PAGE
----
Crater illusion

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The Crater Illusion also known as the Crater/Dome Illusion or Dome Illusion is an optical illusion which causes impact craters in some images to appear as domes or mountains.[1] It is believed to be caused by our being accustomed to seeing light from overhead.[2] When some images are taken from orbit, the light from the sun is nearly horizontal. This is the only time shadows are seen. Our brains are tricked into thinking that the interior of the crater is above the surrounding terrain instead of below it.[3]

Examples[edit]

In September 2015, NASA released the image on the left from the space probe Dawn of the crater Occator on dwarf planet Ceres. Because of the position of the Sun at the time the image was taken, the walls of the crater may appear to be convex instead of concave. On the right is the same image rotated 180 degrees to change the position of the shadows and eliminate the illusion.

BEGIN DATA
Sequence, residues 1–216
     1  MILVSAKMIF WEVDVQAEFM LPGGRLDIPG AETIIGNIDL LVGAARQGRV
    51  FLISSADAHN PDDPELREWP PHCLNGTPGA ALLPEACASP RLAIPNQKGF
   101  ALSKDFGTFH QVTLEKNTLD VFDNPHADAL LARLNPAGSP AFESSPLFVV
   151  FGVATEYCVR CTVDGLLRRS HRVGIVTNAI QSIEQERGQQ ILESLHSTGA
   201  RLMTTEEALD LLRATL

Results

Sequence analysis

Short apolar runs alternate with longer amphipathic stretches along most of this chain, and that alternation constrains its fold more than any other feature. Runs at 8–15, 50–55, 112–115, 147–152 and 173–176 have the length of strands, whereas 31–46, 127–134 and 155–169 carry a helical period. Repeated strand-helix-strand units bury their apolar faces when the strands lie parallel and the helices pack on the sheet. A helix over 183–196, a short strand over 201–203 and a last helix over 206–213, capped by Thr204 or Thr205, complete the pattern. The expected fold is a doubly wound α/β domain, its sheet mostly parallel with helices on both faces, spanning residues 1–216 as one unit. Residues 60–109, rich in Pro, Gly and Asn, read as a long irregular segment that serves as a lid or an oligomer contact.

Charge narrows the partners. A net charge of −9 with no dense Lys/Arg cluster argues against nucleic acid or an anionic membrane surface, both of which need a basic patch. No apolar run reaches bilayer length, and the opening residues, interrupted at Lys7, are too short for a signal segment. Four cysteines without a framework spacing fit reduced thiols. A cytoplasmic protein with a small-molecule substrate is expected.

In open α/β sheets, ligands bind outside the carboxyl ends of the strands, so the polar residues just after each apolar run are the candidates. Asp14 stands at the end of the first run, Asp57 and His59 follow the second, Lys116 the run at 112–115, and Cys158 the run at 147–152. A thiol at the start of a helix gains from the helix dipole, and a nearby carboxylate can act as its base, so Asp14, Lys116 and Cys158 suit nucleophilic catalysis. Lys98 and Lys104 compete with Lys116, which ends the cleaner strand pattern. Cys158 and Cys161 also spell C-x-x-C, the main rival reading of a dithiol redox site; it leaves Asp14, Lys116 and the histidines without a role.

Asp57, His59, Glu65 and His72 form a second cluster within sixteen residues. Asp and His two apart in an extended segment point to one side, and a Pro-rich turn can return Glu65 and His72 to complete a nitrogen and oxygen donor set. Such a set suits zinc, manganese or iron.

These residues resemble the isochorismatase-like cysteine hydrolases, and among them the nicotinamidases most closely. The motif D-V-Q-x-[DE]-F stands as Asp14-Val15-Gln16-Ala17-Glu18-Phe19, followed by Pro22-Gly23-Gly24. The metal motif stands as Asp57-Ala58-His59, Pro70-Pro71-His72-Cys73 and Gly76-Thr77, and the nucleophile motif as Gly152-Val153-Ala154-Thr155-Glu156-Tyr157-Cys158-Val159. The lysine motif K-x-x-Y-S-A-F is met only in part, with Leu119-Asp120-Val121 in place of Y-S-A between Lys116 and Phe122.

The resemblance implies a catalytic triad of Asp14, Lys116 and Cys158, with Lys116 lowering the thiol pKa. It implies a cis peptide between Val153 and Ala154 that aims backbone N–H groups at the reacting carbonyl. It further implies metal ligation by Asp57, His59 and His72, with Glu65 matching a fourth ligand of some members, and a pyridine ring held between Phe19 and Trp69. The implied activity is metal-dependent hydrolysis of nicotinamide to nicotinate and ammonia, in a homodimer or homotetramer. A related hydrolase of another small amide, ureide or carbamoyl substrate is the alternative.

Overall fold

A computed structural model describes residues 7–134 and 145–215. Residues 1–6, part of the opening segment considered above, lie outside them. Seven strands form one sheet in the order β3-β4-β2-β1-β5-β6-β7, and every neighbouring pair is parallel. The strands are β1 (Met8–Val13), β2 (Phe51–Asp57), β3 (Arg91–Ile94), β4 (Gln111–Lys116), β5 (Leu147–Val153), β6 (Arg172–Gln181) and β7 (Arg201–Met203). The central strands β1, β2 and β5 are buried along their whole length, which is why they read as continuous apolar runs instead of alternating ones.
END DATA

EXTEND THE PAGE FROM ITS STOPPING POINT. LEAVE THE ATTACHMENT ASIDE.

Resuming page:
Crater Occator on the dwarf planet Ceres
The same image of Occator rotated 180-degrees

In December 1968, the Apollo 8 mission took the photograph on the right of the Moon's crater Goclenius. On the left is the same image rotated in an attempt to create the illusion.

Photograph of Goclenius rotated in an attempt to create the crater illusion
The original Apollo 8 Photograph of the Moon's Goclenius Crater

In March 2011, NASA released an image of Mercury's Spitteler and Holberg craters taken by the MESSENGER spacecraft.[4] The image on the left is the original image and the image on the right is the same image rotated in an attempt to remove the illusion.

Original image of Spitteler and Holberg craters showing illusion.
The same image rotated in an attempt to eliminate the illusion

In the image on the left of the Tin Bider crater produced by NASA Earth Observatory's EO-1-based Advanced Land Imager produces a reverse illusion. The crater rises above the surrounding terrain, however the position of the sun makes it appear to be below it.[5]

Original NASA Earth Observatory image of Tin Bider Crater
The same image rotated

References[edit]

  1. ^ "An Impact Melt Crater You'll Flip For". Slate.com Bad Astronomy. 28 July 2013.
  2. ^ Crater Illusion by Paul Doherty, retrieved September 12, 2015
  3. ^ "Do You See a Mountain or a Crater in this Picture?". Universe Today. 29 January 2015.
  4. ^ "A Trip Around our Solar System". The Atlantic In Focus. 27 May 2001.
  5. ^ Tin Bider Crater, Algeria from the NASA Earth Observatory, retrieved September 12, 2015

External links[edit]